The small error large regret issue is probable: Proposition 2 implies that the small error large regret issue may only happen if the player with the lowest ideal advantage value (the maximum advantage under the condition that the advantage of the other player is nonnegative) is receiving it when playing an EBS policy. This allows Algorithm 2 to check for this player and plays the action corresponding to its ideal advantage as far as the other player is still receiving close to its EBS value (Line 5 to 15 in Algorithm 2).

The probable error on the EBS value of one player is too large This only happens if we keep not playing the EBS policy due to the small error large regret issue. In that case, the error on the EBS value used to detect the small error large regret issue might become too large making the check for the small error large regret issue irrelevant. In that case, we play the action of the EBS policy responsible for the largest error.
4 Theoretical analysis
Before we present theoretical analysis for the learning algorithm, we discuss the existence and uniqueness of the EBS value, as well as the type of policies that can achieve it.
Properties of the EBS
Fact 1 allows us to restrict our attention to stationary policies since it means that any (optimal) value achievable can be achieved by a stationary (correlated) policy and Fact 2 means that the egalitarian always exists and is unique providing us with a good benchmark to compare against. Fact 1 and 2 are resp. justified in Appendix C.1 and C.2.
Fact 1 (Achievable values for both players).
Any achievable value for the players can be achieved by a stationary correlatedpolicy.
Fact 2 (Existence and Uniqueness of the EBS value for stationary policies).
If we are restricted to the set of stationary policies, then the EBS value defined in Definition 7 exists and is unique.
The following Proposition 1 strengthens the observation in Fact 1 and establishes that a weighted combination of at most two jointactions can achieve the EBS value. This allows for an efficient algorithm that can just loop through all possible pairs of jointactions and check for the best one. However, given any two jointactions one still needs to know how to combine them to get an EBS value. This question is answered by proposition 2.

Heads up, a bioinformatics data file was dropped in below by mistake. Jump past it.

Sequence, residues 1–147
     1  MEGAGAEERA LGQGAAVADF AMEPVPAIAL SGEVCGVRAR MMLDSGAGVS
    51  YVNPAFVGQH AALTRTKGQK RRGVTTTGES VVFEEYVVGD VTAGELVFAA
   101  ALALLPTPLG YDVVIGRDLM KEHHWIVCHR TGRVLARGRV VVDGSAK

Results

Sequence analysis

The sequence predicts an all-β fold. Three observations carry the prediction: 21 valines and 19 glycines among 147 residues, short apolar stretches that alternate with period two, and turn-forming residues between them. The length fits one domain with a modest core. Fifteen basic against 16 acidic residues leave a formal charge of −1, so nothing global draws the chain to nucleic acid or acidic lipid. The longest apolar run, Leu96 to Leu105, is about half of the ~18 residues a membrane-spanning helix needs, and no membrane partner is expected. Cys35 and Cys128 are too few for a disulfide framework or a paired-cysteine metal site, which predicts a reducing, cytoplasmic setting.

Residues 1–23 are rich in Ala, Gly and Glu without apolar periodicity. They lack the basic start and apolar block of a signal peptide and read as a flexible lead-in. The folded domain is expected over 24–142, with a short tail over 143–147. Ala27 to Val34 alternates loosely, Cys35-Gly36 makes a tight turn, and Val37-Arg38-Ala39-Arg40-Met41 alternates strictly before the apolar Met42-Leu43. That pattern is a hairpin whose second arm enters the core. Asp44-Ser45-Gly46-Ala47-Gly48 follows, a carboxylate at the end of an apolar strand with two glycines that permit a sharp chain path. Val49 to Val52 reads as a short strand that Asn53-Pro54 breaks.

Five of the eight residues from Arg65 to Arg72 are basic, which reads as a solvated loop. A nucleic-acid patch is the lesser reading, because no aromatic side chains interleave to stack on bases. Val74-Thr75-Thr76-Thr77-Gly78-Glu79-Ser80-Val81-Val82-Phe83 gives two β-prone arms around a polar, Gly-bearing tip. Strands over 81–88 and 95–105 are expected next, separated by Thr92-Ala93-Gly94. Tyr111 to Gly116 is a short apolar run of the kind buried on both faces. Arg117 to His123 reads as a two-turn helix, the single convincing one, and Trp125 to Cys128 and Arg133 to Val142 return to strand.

Proposition 1 (On the form of an EBS policy).
Given any 2 player repeated game, the EBS value can always be achieved by a stationary policy with nonzero probability on at most two jointactions.
Sketch.
Proposition 2 (Finding an EBS policy).
Let us call the ideal advantage value of a player , the maximum advantage that this player can achieve under the restriction that the advantage value of the other player is nonnegative. More formally: . The egalitarian advantage value for the two players is exactly the same unless there exists an EBS policy that is deterministic stationary where at least one player (necessarily including the player with the lowest ideal advantage value) is receiving its ideal advantage value.
Regret Analysis
The following theorem 1 gives us a high probability upper bound on the regret in selfplay against the EBS value, a result achieved without the knowledge of .
Theorem 1 (Individual Rational Regret for Algorithm 3 in selfplay).
Sketch.